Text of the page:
Dying Downtown Victoria BC followup conversations

by Yule Heibel on March 22, 2011

Yesterday’s post (Dying Downtown Victoria BC) generated a fair bit of comment on Facebook. I decided to take screenshots of the comments and post them here. (However, since I haven’t had time to ask the people who commented whether they were ok with having their comments taken from Facebook’s walled garden into the open access world of the blog, I erased their names.)

First, a friend “shared” my link to his page, which produced the first comments string, below (with names erased in yellow). This is followed by the comments posted to my Facebook page (names erased in blue).





^ That’s from a friend’s page.

Below, comments from my page:






FYI: about a year or so ago, I had a most interesting chat with a retired City Hall employee who had worked his way up from literally digging ditches for the City as an 18-year old to going into engineering. One of his hobbies was researching land titles. From what he told me, I got the impression that the city doesn’t have a real data base on who owns what (which was echoed by a woman who tried to find out from City Hall how many rental units there were in Victoria: the City couldn’t tell her). Anyway, my contact was quite insistent that a lot of property is in family hands and hasn’t changed ownership in several generations. The heirs can make more money sitting on half-empty buildings, charging high rents for the storefronts, than they would if they tried to redevelop their properties (or even sell them). The tax structure is set up to make it more attractive to hold and let decay than to develop. Add to this the mania we have about height restrictions and not allowing density, and perhaps a pattern emerges…



{ 3 comments… read them below or add one }

Shea March 23, 2011 at 2:14 pm

Was thinking it would be interesting to put together a Google Maps mashup/AR thingy showing vacant storefronts, rents, property taxes, prior tenant, owners, etc. Another way to visualize the changes…most of the data is probably not available, though.

Something else occurred to me recently – unlike many other cities (Vancouver is the one I am most familiar with), there never seems to have been much/any mixed residential/commercial space in downtown Victoria. Most of Fort St. is 1-2 story buildings. Easier for entire blocks to slip away without too many people noticing if nobody lives there…Actually, easy for lots of people to forget about downtown altogether, when things are getting more and more suburbanized and, to my dismay, plenty of people seem ok with this.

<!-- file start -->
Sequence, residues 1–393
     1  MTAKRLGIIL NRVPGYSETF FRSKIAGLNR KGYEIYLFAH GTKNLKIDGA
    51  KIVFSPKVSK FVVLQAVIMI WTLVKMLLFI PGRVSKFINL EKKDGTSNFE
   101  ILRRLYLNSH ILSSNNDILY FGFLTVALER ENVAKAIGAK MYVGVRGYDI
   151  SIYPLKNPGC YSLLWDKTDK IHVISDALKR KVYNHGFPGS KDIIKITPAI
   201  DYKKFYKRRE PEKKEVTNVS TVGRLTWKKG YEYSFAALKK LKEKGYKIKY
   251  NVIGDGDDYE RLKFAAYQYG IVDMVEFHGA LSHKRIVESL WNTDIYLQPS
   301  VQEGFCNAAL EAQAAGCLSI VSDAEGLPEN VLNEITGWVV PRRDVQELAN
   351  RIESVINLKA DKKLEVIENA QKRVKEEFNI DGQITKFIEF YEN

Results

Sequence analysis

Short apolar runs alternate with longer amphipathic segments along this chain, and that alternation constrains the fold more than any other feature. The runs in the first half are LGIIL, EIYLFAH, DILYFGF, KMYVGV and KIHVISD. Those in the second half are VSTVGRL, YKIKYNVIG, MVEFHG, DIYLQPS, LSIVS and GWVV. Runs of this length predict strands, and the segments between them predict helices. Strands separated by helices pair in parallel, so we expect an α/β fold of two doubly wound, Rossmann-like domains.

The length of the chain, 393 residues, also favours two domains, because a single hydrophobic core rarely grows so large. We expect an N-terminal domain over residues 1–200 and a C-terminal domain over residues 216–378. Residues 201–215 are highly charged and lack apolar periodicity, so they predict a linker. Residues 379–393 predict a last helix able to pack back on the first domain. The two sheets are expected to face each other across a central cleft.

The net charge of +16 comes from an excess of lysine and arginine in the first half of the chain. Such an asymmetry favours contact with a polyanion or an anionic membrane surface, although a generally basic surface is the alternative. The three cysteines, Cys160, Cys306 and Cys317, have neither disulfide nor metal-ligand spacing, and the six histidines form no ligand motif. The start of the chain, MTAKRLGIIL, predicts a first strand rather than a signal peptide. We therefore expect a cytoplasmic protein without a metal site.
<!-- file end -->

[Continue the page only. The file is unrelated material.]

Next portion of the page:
Yule March 23, 2011 at 3:47 pm

BRILLIANT, Shea, just brilliant re. the Google maps mashup. I honestly believe that if people had more information and were able to understand how economics works, they’d put pressure on City Hall to do the right thing (see my post from today) and the NIMBYs might quiet down, too. My post specifically addresses the problem of what I call waste-of-space buildings – and god knows they absolutely LITTER our downtown. It’s because development is prohibitive (the City makes sure it is), and the City makes it easy for property owners to sit on POS property that lets them collect a safe rent.

Shea March 23, 2011 at 5:13 pm

Any ideas on how to get the data? Lots of it is tighyl held by VREB/MLS (don’t get me started)…

Just saw an article in the Vic News about the city allowing higher density (4:1 vs current 3:1 something or other to something or other ratio ), which is possibly a positive step, but there’s a quote along the lines of “if you want he next ministry building built downtown…”. When was the last ministry building built anyway? (Atrium is technically not Ministry). And show me one that actually has a vibrant streetscape associated with it… Some elements missing to the cited example, clearly. They need to give thought to the kind of development that will actually create vibrancy, instead of just providing high rents to commercial landlords. (i.e. mixed use commercial/retail/residential), and not just large floor plate commercial – space that is attractive and accessible to small technology and creative organizations.

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